The cartilage thickness distribution in the tibiofemoral joint and its correlation with cartilage-to-cartilage contact.

Journal Article (Clinical Trial;Journal Article)

OBJECTIVE: The objective of this study was to investigate whether regions of cartilage in the tibiofemoral joint where cartilage-to-cartilage contact occurred was thicker than other regions. DESIGN: In vivo human subjects. BACKGROUND: The thickness of the cartilage in the knee has been investigated in various studies. However, the factors that influence the thickness distribution within the joint remain unclear. METHODS: Six healthy living knees (5 male, 1 female, average age = 27) were scanned using magnetic resonance imaging. Three-dimensional models of the tibial and femoral cartilage layers were created. The cartilage thickness distribution was compared between regions where cartilage-to-cartilage contact was observed during in vivo weightbearing flexion and regions with no contact. RESULTS: The regions with cartilage-to-cartilage contact were significantly thicker than the regions without cartilage-to-cartilage contact (P < 0.05). On the medial condyle, the cartilage-to-cartilage contact regions were up to 40% thicker than regions with no contact. On the lateral femoral condyle, the maximum difference between these regions was 20%. On the tibial plateau, the maximal differences between regions with and without cartilage-to-cartilage contact were found to be 40% on the medial side and 50% on the lateral side. CONCLUSIONS: The data suggested that in normal knees, the cartilage was thicker in regions where cartilage-to-cartilage contact was present. Future studies should investigate the effects of in vivo loading on cartilage maintenance and growth. Relevance Injuries that alter knee kinematics might load regions of the joint where the cartilage is thinner. This might alter the stress distributions within the cartilage.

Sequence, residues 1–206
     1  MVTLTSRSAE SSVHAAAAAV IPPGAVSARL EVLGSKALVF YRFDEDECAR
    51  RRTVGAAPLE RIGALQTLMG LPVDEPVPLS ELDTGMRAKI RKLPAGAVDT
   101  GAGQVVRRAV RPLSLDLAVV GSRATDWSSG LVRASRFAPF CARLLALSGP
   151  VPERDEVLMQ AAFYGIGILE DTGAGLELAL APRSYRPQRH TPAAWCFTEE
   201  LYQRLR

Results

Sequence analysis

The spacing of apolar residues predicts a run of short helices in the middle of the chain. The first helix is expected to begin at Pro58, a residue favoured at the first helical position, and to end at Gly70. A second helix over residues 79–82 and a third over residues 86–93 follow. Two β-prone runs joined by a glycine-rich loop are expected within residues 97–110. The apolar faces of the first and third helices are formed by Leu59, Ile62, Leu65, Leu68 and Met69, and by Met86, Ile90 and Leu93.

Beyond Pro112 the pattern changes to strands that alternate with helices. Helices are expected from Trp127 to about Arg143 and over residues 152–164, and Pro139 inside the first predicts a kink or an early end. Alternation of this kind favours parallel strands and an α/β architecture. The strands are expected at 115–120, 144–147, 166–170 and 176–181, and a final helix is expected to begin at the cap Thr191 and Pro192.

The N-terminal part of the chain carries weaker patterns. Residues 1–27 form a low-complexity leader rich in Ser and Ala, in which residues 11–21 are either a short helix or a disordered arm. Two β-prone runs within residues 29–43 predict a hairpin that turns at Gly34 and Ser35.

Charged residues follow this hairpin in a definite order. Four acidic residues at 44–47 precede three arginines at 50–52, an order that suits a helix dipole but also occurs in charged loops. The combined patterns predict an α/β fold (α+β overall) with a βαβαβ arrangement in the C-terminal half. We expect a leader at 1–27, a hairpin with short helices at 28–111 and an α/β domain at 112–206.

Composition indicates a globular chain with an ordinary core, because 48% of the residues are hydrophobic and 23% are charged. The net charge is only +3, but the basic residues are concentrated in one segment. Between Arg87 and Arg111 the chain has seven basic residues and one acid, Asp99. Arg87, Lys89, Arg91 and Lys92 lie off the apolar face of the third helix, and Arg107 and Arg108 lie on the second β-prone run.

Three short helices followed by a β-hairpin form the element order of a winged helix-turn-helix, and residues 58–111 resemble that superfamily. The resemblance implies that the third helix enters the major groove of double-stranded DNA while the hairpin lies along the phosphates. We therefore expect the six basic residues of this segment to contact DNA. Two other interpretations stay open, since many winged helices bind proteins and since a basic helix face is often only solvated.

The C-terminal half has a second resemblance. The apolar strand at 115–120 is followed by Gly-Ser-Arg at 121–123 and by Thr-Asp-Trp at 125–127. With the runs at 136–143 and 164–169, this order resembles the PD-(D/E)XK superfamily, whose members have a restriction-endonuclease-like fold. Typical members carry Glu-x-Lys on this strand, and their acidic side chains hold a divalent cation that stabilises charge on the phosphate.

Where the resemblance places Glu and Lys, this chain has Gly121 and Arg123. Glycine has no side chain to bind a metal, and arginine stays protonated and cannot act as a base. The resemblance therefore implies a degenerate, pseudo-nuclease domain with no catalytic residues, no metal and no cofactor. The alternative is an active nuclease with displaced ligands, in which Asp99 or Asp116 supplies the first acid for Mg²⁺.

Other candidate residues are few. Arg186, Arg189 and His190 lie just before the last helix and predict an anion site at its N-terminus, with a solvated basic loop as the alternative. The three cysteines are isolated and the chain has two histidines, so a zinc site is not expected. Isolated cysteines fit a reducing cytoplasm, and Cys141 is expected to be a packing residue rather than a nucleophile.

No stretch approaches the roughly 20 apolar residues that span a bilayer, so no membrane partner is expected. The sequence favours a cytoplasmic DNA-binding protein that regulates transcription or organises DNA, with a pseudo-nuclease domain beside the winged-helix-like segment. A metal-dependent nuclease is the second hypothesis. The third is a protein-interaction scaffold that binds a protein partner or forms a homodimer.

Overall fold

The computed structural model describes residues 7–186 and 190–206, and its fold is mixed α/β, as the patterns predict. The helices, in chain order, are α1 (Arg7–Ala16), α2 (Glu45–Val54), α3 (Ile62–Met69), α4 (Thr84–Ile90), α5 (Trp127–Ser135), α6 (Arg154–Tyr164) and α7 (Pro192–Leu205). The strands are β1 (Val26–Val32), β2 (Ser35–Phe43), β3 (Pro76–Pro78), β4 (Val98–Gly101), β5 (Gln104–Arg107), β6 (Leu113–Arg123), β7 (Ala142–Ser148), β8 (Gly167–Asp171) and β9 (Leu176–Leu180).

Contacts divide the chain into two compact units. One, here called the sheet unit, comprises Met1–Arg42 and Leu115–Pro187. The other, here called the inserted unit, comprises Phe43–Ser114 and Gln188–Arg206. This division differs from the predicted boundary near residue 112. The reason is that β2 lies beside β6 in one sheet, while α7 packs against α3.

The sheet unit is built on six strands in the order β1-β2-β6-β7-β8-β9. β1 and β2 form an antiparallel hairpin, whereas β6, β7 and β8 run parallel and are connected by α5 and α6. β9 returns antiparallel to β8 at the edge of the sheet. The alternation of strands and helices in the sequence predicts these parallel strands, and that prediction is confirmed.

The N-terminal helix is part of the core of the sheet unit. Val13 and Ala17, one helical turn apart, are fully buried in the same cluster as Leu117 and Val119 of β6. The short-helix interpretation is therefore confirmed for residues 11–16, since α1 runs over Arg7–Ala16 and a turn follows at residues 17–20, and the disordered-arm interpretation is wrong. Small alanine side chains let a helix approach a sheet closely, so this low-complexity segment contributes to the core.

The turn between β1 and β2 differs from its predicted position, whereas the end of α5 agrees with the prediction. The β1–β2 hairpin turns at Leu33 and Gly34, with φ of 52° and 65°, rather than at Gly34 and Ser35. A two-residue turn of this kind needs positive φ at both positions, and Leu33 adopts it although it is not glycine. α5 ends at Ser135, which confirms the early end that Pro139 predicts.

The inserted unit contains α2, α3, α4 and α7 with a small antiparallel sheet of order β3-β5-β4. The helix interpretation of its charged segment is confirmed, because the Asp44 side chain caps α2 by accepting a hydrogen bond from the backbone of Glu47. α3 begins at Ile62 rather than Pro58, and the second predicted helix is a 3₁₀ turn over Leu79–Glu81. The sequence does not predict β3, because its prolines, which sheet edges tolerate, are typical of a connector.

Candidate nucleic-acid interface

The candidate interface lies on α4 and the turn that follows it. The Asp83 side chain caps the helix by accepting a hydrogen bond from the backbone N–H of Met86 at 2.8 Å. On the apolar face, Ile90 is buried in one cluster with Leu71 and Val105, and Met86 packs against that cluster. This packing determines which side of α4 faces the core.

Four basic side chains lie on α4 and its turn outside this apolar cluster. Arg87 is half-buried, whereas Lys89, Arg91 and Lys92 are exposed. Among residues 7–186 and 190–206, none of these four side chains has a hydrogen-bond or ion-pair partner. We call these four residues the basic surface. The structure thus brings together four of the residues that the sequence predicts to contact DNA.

Full Text

Duke Authors

Cited Authors

  • Li, G; Park, SE; DeFrate, LE; Schutzer, ME; Ji, L; Gill, TJ; Rubash, HE

Published Date

  • August 2005

Published In

Volume / Issue

  • 20 / 7

Start / End Page

  • 736 - 744

PubMed ID

  • 15963613

International Standard Serial Number (ISSN)

  • 0268-0033

Digital Object Identifier (DOI)

  • 10.1016/j.clinbiomech.2005.04.001


  • eng

Conference Location

  • England